Attack of the Clones: Warning against rogue engine tuners

January 11, 2017 | By | In Advice, News
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Rogue engine tuners who use cloned tools in an attempt to boost a car’s performance are wrecking thousands of engine ECUs a year with repair and replacement costs setting owners back up to £2,000 each.

This warning has been issued by the engine remap services provider, Viezu, who is providing drivers with a series of top tips to help them avoid such damage.

While cloned or fake tuning tools can look identical to genuine tools, under the surface there can be a considerable difference. Cloned tools often run on very old, out of date or hacked software causing instability or incompatibility issues for the user. However, perhaps more importantly this can result in the tool crashing (or ‘bricking’) where it locks up during the tuning process and the car simply will not start again.

In some instances it is possible to recover an ECU that has lost communication but if the ECU has been bricked it is often not possible. In many cases like this, the vehicle owner will simply take their vehicle to a garage or main dealer who will diagnose a replacement ECU as the most economically viable solution as the intricacies of identifying specific software issues could take months to resolve with significant labour charges. Replacement engine ECUs normally cost owners in excess of £1,000 each.

To ensure an engine tuner is reputable, has the appropriate back-up and genuine tools, Viezu is recommending drivers ask these five simple questions before handing over their car keys:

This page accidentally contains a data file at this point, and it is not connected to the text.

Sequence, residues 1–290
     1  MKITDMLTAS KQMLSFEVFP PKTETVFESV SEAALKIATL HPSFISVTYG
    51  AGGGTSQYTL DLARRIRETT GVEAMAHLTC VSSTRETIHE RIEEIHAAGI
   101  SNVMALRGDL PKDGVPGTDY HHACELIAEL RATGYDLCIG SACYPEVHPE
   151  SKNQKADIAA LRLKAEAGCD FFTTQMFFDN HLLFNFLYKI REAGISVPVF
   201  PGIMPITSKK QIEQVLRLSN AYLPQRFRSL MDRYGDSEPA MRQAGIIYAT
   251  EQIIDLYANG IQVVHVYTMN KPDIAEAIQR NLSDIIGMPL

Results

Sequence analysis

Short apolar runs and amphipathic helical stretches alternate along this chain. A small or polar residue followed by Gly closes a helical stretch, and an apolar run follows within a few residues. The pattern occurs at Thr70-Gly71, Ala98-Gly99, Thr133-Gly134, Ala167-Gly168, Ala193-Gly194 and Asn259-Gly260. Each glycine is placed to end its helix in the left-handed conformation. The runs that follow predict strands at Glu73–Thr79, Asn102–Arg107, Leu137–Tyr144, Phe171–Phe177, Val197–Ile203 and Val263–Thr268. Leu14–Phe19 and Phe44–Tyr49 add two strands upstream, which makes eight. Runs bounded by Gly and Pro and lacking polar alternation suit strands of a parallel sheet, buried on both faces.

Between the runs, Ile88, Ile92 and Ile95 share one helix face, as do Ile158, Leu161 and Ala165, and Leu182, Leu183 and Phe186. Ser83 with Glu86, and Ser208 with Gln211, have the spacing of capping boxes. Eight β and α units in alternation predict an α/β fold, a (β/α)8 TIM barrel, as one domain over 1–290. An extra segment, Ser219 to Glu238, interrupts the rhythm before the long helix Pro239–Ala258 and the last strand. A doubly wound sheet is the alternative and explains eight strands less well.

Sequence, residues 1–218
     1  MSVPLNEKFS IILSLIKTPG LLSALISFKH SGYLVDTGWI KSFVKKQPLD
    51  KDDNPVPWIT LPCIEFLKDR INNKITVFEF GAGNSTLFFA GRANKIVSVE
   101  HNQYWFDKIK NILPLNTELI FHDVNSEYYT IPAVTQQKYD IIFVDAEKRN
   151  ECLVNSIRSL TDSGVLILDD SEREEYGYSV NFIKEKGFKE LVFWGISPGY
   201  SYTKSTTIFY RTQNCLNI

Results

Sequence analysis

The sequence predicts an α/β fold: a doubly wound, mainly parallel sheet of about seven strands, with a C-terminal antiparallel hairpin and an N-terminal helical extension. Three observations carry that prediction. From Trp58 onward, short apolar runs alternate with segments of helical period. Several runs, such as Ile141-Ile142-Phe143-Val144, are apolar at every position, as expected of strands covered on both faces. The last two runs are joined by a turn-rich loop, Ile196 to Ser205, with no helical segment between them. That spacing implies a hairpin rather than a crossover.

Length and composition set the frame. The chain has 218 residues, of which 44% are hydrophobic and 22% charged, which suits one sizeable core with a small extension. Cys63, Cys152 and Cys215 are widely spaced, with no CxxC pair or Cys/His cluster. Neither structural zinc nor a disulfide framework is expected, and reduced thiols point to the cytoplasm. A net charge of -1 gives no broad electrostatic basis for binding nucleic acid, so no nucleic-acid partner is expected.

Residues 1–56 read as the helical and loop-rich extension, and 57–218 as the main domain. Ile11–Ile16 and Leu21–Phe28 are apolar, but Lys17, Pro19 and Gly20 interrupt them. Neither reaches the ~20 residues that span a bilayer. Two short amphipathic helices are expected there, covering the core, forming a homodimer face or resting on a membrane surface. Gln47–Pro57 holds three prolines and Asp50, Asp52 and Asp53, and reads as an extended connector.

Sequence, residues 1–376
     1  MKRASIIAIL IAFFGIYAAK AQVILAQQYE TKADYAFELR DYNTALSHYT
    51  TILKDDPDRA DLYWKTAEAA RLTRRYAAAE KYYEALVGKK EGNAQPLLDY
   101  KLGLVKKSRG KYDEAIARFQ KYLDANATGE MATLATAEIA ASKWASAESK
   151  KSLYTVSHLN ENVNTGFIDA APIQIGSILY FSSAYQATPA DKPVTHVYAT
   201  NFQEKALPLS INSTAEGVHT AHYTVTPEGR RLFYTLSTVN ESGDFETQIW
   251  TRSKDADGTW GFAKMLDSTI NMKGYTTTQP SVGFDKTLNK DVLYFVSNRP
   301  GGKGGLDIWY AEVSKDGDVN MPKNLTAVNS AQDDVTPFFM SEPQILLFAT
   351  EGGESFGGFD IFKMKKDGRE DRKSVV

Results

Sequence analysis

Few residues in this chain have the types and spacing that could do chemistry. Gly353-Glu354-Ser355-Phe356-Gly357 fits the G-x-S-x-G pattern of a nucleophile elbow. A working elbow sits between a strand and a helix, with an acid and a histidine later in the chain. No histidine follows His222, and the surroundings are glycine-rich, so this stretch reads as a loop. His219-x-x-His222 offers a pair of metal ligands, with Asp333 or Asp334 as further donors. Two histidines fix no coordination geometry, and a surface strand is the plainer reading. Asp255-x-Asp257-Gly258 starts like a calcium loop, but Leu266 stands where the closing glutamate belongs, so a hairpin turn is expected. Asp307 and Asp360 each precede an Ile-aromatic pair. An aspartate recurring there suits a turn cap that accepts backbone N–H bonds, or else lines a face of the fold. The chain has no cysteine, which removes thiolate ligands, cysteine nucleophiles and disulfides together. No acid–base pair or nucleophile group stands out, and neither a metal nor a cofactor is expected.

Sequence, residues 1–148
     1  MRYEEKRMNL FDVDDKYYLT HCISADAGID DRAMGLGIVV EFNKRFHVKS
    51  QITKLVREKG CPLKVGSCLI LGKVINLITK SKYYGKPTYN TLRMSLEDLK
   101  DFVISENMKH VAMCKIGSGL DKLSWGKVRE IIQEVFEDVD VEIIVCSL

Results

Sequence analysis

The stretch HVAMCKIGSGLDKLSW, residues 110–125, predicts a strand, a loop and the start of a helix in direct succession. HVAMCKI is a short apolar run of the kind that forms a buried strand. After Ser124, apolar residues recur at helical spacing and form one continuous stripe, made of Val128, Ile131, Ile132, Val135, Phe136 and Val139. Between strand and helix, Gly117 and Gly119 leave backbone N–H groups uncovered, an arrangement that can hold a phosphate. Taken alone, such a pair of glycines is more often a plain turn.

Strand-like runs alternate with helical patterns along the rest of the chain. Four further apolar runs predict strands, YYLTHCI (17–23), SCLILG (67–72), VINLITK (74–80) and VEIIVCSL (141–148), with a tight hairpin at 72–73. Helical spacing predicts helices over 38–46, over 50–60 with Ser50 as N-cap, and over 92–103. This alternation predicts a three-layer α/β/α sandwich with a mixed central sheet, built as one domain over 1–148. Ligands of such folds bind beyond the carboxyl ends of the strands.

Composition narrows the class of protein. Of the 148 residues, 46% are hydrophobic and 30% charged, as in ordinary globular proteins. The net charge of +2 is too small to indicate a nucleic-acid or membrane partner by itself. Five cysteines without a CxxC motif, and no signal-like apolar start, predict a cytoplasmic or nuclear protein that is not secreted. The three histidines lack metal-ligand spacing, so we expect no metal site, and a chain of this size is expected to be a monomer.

1. What tuning tool are they using and is it genuine? Ask the tuner to provide proof of this and ask the tuner to show you their tools software information screen. Take a screenshot and send it to Viezu if in doubt who can verify if the tool is genuine, within license and very importantly who it’s registered to.

2. Is the tuning tool still in licence? The real software will show its licence expiry date. It is not advisable to use software that is out of license due to potential compatibility issues.

3. Ask to see the insurance policy that covers not only the workmanship, but also the tuning service. If there’s no insurance, quite simply, don’t book. If you’re in doubt about the insurance policy, call the insurer to check that the policy number is real.

4. If your tuner claims to have a warranty ask to see proof of this. Don’t be fooled by a fake glossy booklet. Ask to see the details of the real warranty policy underwriter and again, call them directly if you are in any doubt.

5. Finally, ask to see the training certificates of whoever will be carrying out the tuning service to ensure they have been appropriately trained by a reputable Company with the right credentials.

James Ash

By

Content Marketing Executive at Motors.co.uk

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